Where your potential customers live in the world is helpful, but discovering where visitors exist before they click on your site offers an entirely new set of insights. The Acquisition tab in Google Analytics presents four tracking channels (i.e. where people are coming from):
- Organic Search: Traffic from search engines (Google, Yahoo and Bing) comes to you “organically” because it’s relevant to the user’s search and not because you paid for it. Google now protects most queries, so the majority of phrases will appear as “not provided.”
- Direct: A person accessed your website directly, typing in your website’s exact URL, which makes them your most highly qualified visitors.
- Referral: A person clicked on a link to your site as it appeared somewhere else. This section can reveal which other site offered the majority of these referral clicks.
- Social: Traffic generated through social networks like Facebook, Twitter or LinkedIn can provide insight to which accounts are most effective for your sector.
It’s important to know how much traffic each channel generates (in comparison with other channels), but it’s also important that you can determine the quality of that traffic. In other words, which channel holds the highest conversion rate with the highest amount of traffic? Knowing that answer can help you know where to best promote your site to generate more qualified traffic.
Are my website visitors finding what they need?
Knowing the most popular paths through your website helps you prioritize future changes as you consider how many people are visiting, where they move as they navigate from page to page, and how where they’re choosing to leave your site. The All Pages report is one of the most important reports in Google Analytics. To see it, select Behavior → Site Content and you’ll find summaries for every page.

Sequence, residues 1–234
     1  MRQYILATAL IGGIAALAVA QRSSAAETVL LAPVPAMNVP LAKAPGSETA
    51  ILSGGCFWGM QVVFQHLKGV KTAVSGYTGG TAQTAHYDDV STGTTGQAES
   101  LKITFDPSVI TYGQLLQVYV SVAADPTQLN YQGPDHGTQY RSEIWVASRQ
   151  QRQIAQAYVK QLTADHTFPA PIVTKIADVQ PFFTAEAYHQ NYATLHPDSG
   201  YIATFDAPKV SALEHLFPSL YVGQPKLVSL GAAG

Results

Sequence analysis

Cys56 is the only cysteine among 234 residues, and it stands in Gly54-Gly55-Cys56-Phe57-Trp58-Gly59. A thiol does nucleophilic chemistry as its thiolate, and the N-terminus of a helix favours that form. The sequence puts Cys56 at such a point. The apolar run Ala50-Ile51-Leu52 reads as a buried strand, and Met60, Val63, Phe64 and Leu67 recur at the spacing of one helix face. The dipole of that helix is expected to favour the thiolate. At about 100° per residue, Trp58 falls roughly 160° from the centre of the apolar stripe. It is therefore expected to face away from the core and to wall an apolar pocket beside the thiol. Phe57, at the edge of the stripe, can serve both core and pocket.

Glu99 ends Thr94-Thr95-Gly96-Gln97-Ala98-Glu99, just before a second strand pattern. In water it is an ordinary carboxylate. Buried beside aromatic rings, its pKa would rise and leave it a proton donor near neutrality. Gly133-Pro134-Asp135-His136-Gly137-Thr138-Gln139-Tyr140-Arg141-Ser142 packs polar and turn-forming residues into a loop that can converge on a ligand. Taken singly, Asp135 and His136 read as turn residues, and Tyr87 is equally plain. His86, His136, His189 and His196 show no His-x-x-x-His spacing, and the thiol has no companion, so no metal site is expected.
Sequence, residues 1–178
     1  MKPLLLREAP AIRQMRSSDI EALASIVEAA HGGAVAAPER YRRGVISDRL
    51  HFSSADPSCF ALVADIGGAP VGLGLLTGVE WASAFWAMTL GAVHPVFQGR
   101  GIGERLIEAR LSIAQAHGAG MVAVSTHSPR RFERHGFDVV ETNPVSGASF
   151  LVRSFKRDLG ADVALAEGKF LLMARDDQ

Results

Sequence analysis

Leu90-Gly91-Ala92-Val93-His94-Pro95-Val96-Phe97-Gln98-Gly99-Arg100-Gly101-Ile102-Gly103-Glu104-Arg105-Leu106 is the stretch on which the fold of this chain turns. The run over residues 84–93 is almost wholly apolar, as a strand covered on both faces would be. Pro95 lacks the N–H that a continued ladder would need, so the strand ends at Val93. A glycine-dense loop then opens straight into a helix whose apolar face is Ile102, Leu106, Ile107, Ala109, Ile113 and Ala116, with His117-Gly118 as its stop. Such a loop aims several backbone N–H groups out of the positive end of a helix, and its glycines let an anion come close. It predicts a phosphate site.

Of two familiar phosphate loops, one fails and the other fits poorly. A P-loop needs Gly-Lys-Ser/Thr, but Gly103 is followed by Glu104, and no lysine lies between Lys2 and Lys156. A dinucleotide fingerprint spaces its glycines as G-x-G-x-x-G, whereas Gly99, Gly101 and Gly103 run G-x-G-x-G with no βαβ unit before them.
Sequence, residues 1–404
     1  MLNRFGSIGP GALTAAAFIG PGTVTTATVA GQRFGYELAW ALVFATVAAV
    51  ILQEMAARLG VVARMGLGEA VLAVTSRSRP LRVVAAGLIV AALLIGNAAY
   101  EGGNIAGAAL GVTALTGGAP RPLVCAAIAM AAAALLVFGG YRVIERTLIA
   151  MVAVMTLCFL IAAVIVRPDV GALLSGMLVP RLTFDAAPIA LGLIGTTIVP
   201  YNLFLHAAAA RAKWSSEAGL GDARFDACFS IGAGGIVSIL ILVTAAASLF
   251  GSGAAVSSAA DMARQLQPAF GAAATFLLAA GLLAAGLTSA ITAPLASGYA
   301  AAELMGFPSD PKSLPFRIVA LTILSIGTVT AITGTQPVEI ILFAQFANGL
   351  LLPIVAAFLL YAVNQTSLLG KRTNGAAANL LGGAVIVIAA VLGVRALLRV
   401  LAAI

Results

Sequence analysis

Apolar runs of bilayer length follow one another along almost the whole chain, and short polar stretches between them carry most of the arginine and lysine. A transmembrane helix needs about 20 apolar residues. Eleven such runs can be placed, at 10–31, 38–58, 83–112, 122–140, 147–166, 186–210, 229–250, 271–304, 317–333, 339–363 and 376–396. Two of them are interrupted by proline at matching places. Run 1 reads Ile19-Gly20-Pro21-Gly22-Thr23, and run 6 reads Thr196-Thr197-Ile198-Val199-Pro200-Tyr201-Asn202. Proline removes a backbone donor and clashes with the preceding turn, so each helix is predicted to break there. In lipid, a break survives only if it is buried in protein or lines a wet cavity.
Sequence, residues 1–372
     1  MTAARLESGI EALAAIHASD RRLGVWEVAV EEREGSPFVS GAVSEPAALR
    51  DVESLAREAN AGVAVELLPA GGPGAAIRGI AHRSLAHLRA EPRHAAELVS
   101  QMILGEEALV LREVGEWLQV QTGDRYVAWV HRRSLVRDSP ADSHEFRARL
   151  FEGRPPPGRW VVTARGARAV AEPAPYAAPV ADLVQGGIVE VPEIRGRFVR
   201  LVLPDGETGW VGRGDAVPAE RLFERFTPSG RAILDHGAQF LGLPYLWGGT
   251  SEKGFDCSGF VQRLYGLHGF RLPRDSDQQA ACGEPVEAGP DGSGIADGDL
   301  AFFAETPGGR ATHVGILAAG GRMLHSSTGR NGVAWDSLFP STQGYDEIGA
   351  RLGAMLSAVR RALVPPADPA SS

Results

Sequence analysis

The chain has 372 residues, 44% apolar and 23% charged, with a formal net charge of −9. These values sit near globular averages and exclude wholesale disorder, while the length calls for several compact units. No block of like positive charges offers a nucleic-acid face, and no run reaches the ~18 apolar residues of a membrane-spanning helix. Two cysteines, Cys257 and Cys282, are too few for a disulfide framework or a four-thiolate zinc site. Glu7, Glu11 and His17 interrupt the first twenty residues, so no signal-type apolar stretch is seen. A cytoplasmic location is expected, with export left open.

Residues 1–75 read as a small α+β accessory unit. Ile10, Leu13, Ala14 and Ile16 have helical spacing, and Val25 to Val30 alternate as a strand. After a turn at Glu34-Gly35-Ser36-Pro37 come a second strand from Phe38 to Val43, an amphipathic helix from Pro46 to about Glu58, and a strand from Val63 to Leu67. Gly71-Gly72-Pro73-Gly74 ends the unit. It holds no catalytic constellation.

The Homepage is not always the first page people see when they arrive. Visitors have different levels of intent and assessing the following numbers can help you determine what’s working and what’s not to help you adjust your site accordingly.
- Bounce Rate: This percentage reflects the people who didn’t find what they were looking for by pressing the back button or closing the browser window.
- Pages/Session: You can determine if one page is outperforming another by comparing this number. It calculates the number of web pages people view on average after landing on your website.
- Session Duration: Compare this number to the other pages, and you’ll figure out how long a visitor is spending on your site.
- Goal/Ecommerce Conversion Rate: Track your goals or actual conversion-producing links on specific pages.
With local landing pages popular for businesses with large service areas, it’s important to determine their effectiveness in converting visitors. Pages with high bounce rates should also be reconsidered: How can you revamp the location of your sales buttons? Is copy length or distracting text impacting the path you want your customers to take?
These questions just scratch the surface of the insights and information that Google Analytics can provide. Visit the Google Analytics Help Center to view all the benefits this tool has to offer.
Haven’t mastered Google Analytics or looking for insights professionally reported on a weekly or monthly basis? Get assistance from our digital marketing specialists at RLC Media! Learn more or reach us at Contact RLC Media.